Top 3 Misconceptions Clients Have Regarding Domestic Relations Proceedings
Often times potential clients come into a consultation having already acted in regards to their legal issue based on common misconceptions regarding how the domestic relations legal process works. Avoiding these misconceptions will help you understand this process and your rights.
Its Titled In My Name, So It Must Be My Separate PropertyThis is by far the most common misconception that people have regarding divorce. For the most part, anything acquired during the marriage (including debt) is marital property. You can have a 401(k) in your name and your spouse can have a bank account in just their name. If the account was created during the marriage, its marital property. So what happens if you created the account or bought the house before the marriage? Then the equity that you had prior to the marriage would be separate property, however the increase in value from the time of the marriage to the date of decree would be marital property subject to division by the Court.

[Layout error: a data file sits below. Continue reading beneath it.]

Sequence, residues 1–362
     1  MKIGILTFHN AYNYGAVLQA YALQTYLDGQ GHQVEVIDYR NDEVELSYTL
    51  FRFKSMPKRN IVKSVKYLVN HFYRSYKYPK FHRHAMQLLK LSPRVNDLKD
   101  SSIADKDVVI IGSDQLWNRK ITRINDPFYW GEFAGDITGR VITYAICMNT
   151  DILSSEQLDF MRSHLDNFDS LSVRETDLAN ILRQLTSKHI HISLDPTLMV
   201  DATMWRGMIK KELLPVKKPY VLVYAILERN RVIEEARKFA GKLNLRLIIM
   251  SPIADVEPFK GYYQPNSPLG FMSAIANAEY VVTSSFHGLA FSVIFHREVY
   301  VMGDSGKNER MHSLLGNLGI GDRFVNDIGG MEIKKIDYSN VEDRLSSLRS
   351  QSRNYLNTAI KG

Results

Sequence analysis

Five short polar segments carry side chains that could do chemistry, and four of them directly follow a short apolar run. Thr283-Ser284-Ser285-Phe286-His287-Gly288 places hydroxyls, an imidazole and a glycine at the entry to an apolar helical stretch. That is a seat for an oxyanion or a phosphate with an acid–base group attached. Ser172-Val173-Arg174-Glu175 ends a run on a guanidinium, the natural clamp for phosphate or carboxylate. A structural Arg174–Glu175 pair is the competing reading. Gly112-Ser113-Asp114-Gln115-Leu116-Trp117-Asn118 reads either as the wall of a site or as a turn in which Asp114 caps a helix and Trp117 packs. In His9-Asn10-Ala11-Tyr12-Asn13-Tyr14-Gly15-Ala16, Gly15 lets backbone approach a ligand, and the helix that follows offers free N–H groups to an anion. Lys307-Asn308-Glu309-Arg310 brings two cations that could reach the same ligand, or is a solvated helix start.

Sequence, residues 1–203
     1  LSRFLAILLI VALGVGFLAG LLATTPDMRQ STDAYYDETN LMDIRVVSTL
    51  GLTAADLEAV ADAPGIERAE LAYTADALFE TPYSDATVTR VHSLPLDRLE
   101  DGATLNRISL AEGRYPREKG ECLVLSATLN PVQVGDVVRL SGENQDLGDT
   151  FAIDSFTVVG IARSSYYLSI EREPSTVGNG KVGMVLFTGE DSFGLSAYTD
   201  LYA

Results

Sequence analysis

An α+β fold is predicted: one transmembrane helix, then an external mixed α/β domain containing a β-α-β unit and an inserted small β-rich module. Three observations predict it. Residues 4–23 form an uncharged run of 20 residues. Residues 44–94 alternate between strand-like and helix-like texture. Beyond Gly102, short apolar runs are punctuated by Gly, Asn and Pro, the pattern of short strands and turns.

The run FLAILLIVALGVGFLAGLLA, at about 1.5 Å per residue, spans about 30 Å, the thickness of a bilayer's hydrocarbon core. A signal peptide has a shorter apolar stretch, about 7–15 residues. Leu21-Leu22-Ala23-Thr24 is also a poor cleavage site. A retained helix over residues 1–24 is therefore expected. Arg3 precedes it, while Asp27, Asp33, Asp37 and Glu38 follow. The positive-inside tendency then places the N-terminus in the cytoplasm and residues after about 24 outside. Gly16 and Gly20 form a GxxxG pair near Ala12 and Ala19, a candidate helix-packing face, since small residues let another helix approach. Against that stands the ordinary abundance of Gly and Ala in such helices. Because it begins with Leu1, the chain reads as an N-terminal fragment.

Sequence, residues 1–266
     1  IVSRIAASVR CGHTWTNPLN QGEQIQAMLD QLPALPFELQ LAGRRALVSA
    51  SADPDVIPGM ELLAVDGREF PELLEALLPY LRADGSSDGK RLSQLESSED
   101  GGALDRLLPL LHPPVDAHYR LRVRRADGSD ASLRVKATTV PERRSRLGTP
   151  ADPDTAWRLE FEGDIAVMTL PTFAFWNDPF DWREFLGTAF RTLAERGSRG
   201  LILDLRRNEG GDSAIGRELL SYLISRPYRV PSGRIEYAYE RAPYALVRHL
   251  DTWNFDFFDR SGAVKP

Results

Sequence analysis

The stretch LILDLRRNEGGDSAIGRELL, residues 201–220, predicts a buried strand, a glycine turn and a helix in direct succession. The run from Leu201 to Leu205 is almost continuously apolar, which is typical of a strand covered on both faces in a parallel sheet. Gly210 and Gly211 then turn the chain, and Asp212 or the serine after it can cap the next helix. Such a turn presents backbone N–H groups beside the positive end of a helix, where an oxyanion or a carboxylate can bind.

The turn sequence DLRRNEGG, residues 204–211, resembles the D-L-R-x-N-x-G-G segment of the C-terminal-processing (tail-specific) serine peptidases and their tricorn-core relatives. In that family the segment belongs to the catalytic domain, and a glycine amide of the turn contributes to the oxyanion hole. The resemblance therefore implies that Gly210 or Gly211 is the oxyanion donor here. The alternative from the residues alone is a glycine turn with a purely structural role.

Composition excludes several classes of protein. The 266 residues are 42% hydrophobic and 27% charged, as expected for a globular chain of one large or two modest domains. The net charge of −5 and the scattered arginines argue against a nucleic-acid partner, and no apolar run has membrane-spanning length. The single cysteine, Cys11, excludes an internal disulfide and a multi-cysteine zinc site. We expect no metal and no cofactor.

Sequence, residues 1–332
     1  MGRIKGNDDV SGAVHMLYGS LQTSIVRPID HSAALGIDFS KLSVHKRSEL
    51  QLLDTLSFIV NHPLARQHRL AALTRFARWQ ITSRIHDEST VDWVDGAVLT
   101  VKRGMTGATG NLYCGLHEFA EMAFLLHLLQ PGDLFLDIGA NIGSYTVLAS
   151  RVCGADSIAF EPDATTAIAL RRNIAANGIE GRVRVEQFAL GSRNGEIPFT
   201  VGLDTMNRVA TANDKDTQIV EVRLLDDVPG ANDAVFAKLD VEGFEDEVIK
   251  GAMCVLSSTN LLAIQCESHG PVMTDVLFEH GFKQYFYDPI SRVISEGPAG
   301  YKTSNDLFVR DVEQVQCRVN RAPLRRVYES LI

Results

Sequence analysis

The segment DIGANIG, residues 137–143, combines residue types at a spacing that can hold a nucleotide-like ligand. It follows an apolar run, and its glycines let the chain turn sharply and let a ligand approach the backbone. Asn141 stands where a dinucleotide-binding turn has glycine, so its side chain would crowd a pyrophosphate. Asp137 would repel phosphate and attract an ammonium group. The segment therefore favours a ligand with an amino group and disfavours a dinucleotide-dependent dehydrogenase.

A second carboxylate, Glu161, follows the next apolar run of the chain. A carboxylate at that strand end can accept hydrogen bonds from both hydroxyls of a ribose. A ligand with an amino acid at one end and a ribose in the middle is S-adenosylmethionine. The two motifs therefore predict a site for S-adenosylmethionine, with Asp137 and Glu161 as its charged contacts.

Colorado Is An Equitable Distribution State, So Everything Will Be Split 50/50This is another misconception by many clients. While Colorado is an equitable distribution state, that doesn't always mean that everything will be split 50/50. Equitable in Colorado means fair given the circumstances. The key word here is circumstances. Every divorce is different and what might be equitable in one divorce might not be equitable in the divorce going on in the next courtroom. All that said, usually an equitable distribution of the estate is between the 50/50 and 45/55 range. Just know that isn't a guarantee.
Child Support Is An Obligation To The Other ParentWrong. Child Support is an obligation from one parent to the children subject to the child support order. The theory is that each parent has a percentage of responsibility based on various criteria set forth in the child support worksheet. The parent receiving the child support is receiving the money to use for the children's benefit. This misconception can really have long term financial ramifications. For example, many people use the concept of "I'll waive child support" as a negotiation point for some other consideration. This can be a false promise, because after the agreement is in place, the parent that waived child support can request child support and they'll likely get it, since child support is a right of the child and not the right of a parent to waive.